Roman Catholic theologian and translator of the Catholic Public Domain Version of the Bible.

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2 Responses to Can A Pope Go To Hell?

  1. Francisco says:

    According to this Wikipedia article:
    https://en.wikipedia.org/wiki/List_of_canonised_popes

    Out of a total of 266 Popes in the history of the Church, there have been 81 canonized Saints (the first canonized saint being 1.Pope Adeodatus I, the 68th Pope in the list), 10 Blesseds, 1 Venerables and 3 Servants of God.

    Now, from this other list, we can see that the total # of non-canonized saints are 56 (Counting from St. Peter until the 67th Pope in the list)
    https://en.wikipedia.org/wiki/List_of_popes

    The first 35 Popes in a row are Saints! Pope Liberious (#36) was the first Pope not to be recognized as a “Saint”.

    The total count give us with 137 Pope Saints, 10 Blessed, 1 Venerable and 3 Servants of Gods for a total of 151 “holy” Popes out of 266 Popes. This give us a remain of 115 Popes who do not have any sanctity title. I’m sure that out of those 115, the majority can be considered “good will” Popes and only a few can be considered “sinful” Popes.

    Now, out of those “sinful” Popes, we have to consider if their grave sins, even if they were mortal, they might have been only objective mortal sins, but not “actual” mortal sins which is the state that sends a person to eternal hellfire. They might have thought that their acts were permissible (when in fact, they were not). This is what happened to Saul who thought that persecuting Christians, and even stoning them to death (as when he approved the death of St. Stephen), was according to the Mosaic law. But it was only by a Divine Revelation from God (Acts 9:4) that he realized that what he was doing was wrong.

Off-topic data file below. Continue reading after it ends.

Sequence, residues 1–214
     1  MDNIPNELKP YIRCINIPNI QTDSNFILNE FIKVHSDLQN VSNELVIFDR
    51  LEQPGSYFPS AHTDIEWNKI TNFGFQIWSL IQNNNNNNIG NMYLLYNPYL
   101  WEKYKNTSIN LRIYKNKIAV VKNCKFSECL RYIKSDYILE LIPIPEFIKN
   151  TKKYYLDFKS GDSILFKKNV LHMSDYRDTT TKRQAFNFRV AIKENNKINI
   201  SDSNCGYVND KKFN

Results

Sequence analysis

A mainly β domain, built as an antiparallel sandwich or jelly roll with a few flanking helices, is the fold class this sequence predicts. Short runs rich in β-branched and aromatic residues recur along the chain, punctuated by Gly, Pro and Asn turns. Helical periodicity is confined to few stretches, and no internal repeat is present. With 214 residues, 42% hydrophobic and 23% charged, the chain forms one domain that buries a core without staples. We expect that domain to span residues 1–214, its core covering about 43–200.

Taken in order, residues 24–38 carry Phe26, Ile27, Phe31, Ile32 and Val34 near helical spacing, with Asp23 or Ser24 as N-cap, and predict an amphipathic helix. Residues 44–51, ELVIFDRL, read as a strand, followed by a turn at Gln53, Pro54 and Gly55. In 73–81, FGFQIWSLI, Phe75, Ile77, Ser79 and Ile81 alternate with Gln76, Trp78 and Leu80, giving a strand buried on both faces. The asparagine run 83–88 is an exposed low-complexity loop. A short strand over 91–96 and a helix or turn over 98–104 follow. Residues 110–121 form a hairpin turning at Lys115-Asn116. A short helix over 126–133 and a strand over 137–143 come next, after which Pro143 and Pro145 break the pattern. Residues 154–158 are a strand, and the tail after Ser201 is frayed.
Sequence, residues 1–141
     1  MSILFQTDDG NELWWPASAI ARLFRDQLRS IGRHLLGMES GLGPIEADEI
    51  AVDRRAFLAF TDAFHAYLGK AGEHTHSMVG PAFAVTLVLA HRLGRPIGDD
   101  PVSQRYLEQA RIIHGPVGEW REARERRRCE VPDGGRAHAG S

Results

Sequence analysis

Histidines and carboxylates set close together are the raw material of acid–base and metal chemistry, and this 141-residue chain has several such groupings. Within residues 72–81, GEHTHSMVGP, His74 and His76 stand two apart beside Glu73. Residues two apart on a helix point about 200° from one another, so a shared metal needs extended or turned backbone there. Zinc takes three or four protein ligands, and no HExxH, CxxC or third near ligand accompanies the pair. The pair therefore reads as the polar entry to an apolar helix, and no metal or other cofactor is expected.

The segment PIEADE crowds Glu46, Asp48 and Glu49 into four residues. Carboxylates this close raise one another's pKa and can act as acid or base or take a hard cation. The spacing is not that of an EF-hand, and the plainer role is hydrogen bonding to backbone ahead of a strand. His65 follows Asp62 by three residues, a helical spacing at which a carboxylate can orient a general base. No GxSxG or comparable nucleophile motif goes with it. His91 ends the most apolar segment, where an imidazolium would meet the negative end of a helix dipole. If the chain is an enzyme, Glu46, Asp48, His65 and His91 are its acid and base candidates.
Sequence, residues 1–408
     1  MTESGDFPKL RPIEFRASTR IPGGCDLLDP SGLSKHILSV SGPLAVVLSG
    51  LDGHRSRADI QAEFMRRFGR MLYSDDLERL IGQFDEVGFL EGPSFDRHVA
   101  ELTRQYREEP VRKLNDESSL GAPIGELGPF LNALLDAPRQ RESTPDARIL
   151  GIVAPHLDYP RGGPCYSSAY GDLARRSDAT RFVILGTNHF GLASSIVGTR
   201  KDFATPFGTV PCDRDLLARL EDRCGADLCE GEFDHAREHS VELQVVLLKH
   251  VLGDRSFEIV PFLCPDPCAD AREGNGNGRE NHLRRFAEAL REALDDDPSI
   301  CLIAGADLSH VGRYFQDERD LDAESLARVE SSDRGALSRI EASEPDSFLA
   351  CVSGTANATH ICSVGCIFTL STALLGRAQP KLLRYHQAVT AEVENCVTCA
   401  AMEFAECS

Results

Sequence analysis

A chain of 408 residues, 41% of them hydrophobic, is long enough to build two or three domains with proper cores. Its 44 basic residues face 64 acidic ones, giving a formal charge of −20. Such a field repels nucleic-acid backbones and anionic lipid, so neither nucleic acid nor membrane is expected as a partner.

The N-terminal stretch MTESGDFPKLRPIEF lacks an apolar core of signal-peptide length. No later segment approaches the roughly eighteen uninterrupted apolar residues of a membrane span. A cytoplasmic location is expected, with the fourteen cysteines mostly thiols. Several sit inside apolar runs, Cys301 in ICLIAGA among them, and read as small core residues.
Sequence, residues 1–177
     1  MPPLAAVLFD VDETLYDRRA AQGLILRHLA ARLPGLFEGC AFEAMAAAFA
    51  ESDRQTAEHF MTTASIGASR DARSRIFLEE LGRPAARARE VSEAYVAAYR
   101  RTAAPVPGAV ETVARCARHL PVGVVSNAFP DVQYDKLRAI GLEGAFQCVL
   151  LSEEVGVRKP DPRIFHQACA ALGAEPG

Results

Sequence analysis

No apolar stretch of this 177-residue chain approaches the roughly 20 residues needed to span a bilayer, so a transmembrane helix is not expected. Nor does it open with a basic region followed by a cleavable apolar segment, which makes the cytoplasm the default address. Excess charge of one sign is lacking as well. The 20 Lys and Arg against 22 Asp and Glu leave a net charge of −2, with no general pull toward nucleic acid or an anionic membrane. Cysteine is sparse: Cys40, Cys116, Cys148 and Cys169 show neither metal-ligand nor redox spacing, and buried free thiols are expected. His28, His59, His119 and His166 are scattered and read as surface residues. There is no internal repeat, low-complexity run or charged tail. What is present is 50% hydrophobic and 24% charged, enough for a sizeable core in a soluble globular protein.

Let’s consider Jesus’ prayer for Peter, and thus, the Papacy:

    {22:31} And the Lord said: “Simon, Simon! Behold, Satan has asked for you, so that he may sift you like wheat.
    {22:32} But I have prayed for you, so that your faith may not fail, and so that you, once converted, may confirm your brothers.”

    Satan wants any Pope to join him in Hell, but Jesus has especially prayed for Peter so he may not go to join Satan in Hell.

    Some may argue that this is for when the Papacy only, once the Pope resigns this prayer ceases its effect, but this would be like saying that Jesus love for this person is only if he stays in one position only, but we have to consider is that when Pope resigns, he might be also be doing the will of God, and therefore, God’s graces are still effective on that person. For example, Pope Emeritus Benedict XVI is still a holy person (I believe he will one day be declared at least a Blessed). He resigned because it was the will of God, his particular papacy reached to an end even though he is still alive and Jesus prayer for him, as a person (not for his “assignment time” or title), is still in effect.

  2. Francisco says:

    Correction:

    Just wanted to correct my previous post. The Wikipedia list of Popes recognized as “Saint” does include the canonized and non-canonized Saints. So the total of Pope Saints is: 81 (not 137), math needs to be revised. Other than that, the rest remains as-is.